Posted on: February 10, 2020
Go to office hours. It pays huge dividends. Half of life is just showing up, and you already know that. Consider the following parallel thoughts. Making it to class is useful for obvious reasons: course material is explained, answers are given, you take notes and have more time with the content. Well, the same goes for office hours: you get one-on-one instruction, you get to ask questions, and your professor is more likely to remember your name. Those are all upsides you probably already know, but there are other upsides you may not already know.
First, consistent class time and face-to-face interaction with experts gives you communication and thinking skills experts have. You get them by just thinking along with them. When I was a student, I found myself talking like my professors, and not just with their mannerisms, but with how they’d think about something. I’d not only learned some material, but I’d learned how to approach it.
A second upside with office hours in particular is that your regular engagement with the instructor creates a micro-community. You give your instructor the impression that you’re serious about the material, and that impression has consequences – they’ll treat you like you’re an excellent student. And that also has consequences for you. You’re now invested, part of a conversation, and that provides significant motivation to really do the work, to have something to say, to master the material. This looping effect – where how you’re seen influences how you see yourself, which then influences how you perform – has significant payoff.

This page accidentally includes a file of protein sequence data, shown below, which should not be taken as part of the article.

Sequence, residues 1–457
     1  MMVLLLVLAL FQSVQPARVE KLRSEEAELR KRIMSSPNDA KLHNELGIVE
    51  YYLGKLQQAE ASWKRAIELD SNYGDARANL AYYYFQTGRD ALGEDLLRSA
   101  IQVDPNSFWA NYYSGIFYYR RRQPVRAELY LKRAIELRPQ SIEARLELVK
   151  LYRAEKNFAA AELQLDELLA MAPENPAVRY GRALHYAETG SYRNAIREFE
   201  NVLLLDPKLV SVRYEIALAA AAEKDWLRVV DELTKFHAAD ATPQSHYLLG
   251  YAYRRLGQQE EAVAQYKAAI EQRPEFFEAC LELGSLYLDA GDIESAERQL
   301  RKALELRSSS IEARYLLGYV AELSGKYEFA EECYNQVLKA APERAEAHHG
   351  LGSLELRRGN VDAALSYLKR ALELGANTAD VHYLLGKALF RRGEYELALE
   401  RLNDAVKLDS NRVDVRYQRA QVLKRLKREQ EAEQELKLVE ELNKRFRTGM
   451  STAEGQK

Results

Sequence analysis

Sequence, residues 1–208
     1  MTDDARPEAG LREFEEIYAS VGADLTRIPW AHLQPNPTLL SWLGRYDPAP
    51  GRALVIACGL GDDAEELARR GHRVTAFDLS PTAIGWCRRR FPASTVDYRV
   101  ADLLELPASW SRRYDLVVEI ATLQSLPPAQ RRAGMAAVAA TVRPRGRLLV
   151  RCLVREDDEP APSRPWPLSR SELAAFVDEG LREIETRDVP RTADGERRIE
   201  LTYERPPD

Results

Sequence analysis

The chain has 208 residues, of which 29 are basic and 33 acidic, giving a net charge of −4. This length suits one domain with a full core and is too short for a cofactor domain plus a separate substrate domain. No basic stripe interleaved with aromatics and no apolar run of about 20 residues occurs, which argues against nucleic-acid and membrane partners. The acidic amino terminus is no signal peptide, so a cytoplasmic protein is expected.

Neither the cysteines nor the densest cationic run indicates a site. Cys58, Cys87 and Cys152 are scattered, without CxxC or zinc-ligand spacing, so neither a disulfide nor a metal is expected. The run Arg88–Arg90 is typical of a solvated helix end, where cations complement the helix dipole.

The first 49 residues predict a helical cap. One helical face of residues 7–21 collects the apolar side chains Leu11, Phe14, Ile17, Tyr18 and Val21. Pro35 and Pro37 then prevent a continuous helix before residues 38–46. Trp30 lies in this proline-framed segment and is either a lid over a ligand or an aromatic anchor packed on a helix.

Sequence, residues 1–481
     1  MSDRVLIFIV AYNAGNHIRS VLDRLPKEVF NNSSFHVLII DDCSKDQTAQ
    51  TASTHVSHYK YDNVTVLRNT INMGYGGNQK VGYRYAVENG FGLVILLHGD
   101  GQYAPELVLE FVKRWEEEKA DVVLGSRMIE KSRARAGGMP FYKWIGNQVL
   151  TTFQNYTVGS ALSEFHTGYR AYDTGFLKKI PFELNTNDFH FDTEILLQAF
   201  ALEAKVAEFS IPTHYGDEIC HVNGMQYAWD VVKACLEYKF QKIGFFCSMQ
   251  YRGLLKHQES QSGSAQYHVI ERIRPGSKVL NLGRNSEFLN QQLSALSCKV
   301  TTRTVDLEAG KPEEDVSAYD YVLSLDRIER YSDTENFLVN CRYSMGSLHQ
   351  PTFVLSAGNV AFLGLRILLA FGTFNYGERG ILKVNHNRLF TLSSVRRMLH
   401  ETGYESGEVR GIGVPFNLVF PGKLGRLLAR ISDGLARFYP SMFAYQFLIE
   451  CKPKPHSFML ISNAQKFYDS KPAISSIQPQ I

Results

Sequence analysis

A third and final upside to office hours is that you, after all these classes, will most likely need a recommendation letter. Having this connection makes a big difference in the letters instructors write. You instructor has a story to tell, with details and a personal touch. That makes for very strong letters.
So what should you do when you come to office hours? Here are a few pointers:
- Write out a question before you come in. You’ll have a better grasp on it by writing it out. And it will give a very strong impression that you’re well-prepared.
- Ask about things you’re unclear about. It’s OK to struggle with material – every teacher is a teacher because they value helping others master something difficult. And once you’ve got it down, let the instructor know about your progress.
- If you see connections between the material for the class and what’s happening in another class or in something you have some knowledge about, share it! Let your instructor see that you’re making connections and understanding.